Specificity like this provides our brain’s pattern recognition system with the information required to connect our ideas.

Step two: Hunt for intersections. Once we have our list, identify where our twenty-five ideas intersect. “Say both grasshoppers as a food source and the mechanics of playing left tackle are on our list,” Steven writes. If we’re “into pass-blocking mechanics, [we] ‘re probably also interested in the nutritional requirements necessary to play left tackle. Insects are exceptionally high in protein—would they make a good football food?”

Steven’s point? Curiosity alone is not enough to create true passion. A better strategy is to find areas where three or four items on our curiosity list intersect. Because that’s where we find energy. “By stacking motivations, that is, layering curiosity atop curiosity atop curiosity, we’re increasing drive but not effort. This is what happens when our own internal biology does the heavy lifting for us.”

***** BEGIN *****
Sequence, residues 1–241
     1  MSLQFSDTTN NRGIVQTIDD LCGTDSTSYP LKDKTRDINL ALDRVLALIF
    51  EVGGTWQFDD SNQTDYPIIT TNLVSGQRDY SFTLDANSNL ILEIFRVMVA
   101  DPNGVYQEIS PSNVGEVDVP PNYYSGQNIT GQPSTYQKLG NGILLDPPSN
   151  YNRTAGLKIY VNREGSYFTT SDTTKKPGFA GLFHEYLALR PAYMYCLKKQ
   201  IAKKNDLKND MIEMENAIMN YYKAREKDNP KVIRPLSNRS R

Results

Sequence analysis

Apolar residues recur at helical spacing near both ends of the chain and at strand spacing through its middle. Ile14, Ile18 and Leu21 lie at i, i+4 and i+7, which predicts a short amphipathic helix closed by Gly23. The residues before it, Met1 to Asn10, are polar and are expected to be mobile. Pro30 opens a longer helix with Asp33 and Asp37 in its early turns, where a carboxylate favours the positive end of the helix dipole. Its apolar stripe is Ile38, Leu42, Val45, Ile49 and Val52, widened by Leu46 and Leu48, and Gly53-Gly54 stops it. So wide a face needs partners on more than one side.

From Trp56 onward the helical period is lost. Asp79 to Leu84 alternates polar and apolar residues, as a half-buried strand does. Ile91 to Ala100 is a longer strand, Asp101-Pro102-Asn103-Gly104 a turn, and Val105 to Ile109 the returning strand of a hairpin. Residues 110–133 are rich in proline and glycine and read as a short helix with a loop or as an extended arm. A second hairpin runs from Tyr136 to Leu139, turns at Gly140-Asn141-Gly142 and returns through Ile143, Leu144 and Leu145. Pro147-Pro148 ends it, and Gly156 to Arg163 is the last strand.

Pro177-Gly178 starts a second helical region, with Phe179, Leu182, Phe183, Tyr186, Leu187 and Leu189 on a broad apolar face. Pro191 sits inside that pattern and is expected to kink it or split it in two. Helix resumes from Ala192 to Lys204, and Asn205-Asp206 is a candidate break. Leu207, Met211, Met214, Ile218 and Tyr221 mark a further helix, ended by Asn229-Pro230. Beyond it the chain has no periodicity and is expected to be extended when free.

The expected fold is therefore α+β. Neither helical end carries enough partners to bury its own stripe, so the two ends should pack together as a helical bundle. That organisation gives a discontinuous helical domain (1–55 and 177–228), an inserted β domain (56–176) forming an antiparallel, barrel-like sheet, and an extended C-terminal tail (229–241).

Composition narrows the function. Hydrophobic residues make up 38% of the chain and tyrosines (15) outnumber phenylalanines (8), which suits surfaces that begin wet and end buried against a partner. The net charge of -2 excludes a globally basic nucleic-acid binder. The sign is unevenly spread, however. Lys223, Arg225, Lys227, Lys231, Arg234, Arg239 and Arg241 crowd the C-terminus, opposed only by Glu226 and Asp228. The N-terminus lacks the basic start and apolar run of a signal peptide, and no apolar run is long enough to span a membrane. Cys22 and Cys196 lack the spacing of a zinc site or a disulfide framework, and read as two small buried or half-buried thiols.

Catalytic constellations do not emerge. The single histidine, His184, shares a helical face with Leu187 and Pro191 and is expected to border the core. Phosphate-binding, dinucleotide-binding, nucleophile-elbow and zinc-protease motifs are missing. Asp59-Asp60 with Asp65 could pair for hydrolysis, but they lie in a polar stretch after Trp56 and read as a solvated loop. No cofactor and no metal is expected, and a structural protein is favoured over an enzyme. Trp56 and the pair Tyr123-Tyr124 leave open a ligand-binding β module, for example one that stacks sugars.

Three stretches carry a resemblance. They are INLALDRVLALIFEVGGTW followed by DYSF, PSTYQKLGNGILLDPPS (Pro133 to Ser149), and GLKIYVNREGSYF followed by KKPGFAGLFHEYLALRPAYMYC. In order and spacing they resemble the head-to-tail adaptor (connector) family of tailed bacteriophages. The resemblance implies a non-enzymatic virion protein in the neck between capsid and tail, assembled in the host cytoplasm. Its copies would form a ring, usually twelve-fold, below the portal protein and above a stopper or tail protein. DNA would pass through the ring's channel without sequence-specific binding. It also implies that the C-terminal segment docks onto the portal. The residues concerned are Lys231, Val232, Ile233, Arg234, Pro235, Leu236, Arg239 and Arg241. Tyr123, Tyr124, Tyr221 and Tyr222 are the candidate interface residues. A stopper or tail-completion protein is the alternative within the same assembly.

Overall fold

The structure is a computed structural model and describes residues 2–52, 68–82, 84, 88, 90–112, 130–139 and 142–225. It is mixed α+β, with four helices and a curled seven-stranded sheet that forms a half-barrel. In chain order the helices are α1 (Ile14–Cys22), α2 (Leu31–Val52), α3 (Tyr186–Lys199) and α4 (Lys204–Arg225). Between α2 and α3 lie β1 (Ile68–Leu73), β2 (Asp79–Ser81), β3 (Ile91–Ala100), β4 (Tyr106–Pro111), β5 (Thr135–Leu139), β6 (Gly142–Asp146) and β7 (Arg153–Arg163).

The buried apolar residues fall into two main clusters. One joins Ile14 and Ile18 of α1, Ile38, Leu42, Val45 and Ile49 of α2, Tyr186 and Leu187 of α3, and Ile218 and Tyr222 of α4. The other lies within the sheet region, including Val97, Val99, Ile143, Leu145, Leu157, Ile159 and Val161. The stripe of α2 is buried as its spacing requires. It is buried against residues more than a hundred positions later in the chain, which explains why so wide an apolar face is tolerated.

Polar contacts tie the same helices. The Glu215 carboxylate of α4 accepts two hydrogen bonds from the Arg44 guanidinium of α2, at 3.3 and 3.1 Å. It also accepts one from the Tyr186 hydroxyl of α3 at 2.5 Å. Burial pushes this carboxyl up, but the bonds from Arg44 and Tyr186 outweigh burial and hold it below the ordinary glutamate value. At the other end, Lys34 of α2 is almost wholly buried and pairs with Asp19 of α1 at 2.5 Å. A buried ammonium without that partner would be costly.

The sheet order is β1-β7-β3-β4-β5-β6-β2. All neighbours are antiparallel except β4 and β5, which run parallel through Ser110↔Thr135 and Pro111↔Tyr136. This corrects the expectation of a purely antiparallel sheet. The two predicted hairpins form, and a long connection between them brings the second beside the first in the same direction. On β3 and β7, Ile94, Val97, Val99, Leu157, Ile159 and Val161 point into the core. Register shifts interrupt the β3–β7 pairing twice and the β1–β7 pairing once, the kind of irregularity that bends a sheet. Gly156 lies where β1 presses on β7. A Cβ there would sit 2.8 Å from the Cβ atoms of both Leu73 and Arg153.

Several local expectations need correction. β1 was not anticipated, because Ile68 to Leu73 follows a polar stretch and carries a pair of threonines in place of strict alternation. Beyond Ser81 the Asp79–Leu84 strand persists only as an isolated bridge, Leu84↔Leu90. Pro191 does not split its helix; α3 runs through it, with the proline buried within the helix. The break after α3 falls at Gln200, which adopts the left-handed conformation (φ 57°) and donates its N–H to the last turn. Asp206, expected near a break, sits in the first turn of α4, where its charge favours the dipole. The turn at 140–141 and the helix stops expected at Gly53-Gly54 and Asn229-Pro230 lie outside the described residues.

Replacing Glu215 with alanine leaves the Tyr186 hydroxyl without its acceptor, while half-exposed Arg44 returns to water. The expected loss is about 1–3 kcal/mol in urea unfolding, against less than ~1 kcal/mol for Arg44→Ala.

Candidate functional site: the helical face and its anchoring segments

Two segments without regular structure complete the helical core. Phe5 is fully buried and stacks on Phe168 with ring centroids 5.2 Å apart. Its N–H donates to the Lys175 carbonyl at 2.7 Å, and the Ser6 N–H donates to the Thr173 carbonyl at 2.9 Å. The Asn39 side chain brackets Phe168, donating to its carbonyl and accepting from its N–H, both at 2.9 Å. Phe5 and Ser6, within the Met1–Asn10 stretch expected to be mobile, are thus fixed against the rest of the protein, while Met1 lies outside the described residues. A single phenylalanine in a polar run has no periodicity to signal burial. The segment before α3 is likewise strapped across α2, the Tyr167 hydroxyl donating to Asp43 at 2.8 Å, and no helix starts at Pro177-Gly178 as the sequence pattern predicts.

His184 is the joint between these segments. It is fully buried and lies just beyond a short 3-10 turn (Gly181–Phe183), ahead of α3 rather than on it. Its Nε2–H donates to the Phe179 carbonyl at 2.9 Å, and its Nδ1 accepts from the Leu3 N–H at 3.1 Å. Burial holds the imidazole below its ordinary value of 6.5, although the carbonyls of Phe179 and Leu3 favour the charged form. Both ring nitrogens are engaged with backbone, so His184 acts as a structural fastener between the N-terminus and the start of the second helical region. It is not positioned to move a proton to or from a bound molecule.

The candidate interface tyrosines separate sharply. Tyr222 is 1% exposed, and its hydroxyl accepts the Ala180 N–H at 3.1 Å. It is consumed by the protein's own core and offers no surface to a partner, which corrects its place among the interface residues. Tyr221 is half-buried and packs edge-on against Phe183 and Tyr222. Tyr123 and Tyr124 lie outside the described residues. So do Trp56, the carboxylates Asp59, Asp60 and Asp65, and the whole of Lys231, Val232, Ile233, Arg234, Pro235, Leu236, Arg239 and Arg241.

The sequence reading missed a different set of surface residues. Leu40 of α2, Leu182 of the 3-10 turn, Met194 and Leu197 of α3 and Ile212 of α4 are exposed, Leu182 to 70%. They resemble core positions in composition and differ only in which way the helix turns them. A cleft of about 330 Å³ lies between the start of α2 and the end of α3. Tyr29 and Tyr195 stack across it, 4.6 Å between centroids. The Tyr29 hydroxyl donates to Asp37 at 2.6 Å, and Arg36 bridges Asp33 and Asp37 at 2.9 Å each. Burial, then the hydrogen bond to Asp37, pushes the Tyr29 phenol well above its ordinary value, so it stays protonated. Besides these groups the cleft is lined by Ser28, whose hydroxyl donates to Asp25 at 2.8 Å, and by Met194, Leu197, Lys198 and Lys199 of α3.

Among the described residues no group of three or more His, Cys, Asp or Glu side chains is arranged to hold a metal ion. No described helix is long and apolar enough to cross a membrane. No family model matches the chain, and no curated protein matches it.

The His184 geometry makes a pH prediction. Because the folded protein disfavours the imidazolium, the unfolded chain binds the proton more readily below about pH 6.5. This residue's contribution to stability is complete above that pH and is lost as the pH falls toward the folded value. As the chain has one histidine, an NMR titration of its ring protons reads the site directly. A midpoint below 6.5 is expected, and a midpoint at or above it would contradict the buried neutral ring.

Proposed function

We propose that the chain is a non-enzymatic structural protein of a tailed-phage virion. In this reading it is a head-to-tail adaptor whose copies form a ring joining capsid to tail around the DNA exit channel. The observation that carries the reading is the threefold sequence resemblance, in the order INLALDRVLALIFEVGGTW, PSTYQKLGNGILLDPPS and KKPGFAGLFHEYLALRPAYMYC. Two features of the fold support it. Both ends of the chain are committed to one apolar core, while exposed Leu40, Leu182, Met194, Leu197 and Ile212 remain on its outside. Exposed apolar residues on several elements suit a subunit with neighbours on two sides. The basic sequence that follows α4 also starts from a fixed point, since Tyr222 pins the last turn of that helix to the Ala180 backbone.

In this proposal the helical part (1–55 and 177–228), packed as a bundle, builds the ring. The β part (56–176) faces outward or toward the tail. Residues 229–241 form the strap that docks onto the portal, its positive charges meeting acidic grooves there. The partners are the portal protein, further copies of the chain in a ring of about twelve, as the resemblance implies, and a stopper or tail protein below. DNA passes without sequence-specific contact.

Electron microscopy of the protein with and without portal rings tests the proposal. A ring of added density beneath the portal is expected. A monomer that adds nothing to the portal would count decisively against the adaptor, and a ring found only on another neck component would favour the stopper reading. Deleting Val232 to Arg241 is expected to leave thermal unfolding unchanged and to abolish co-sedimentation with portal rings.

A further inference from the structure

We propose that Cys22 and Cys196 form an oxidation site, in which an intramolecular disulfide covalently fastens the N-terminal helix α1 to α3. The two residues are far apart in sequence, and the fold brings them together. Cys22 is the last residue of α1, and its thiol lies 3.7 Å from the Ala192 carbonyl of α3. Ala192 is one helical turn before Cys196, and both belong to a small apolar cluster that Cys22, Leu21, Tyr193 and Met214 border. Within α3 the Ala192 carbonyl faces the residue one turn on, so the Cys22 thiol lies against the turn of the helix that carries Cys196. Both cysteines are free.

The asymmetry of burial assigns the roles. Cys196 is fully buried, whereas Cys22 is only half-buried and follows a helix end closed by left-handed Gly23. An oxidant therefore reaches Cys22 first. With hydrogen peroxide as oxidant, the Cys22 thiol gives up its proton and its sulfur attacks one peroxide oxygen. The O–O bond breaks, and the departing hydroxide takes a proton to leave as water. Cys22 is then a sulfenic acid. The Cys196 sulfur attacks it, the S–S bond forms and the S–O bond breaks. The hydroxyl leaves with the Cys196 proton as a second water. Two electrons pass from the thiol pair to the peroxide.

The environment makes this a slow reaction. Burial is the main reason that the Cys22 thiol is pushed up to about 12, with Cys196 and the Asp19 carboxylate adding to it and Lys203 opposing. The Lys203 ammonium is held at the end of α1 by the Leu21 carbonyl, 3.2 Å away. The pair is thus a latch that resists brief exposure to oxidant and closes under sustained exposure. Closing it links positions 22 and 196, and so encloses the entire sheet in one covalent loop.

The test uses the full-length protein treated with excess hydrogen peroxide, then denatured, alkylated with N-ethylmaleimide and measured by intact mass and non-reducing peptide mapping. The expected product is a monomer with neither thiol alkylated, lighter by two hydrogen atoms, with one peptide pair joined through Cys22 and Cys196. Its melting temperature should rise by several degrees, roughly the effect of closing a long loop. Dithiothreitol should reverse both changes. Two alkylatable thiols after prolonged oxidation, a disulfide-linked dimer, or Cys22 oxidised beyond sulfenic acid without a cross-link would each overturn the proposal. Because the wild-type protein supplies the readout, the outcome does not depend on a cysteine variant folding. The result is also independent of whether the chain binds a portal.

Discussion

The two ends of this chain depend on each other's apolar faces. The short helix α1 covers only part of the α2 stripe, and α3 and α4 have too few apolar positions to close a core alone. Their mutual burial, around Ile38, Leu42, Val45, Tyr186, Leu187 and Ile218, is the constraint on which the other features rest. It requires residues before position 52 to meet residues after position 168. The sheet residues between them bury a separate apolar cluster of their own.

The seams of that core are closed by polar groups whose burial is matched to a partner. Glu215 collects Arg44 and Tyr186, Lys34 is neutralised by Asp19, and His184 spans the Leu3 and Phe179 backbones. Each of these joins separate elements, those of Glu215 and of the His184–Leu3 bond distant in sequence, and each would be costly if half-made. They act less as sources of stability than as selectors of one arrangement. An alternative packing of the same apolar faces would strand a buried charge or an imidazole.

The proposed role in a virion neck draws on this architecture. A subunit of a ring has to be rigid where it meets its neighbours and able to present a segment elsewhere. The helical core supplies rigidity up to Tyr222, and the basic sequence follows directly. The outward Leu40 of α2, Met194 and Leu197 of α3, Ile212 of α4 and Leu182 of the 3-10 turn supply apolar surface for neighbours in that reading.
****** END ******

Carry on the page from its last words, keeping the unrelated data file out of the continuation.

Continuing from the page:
Step three: Play in the intersections. Now that we’ve identified areas where our curiosities overlap, we want to spend time learning about and investigating the intersections.

“Devote twenty to thirty minutes a day to listening to podcasts, watching videos, reading articles, books, whatever, on any aspect of that overlap,” Steven writes. If we’re “interested in supply-chain management in the health care industry and you’re also curious about artificial intelligence, then it’s time to explore the advantages and disadvantages that artificial intelligence brings to supply-chain management in the health care industry.”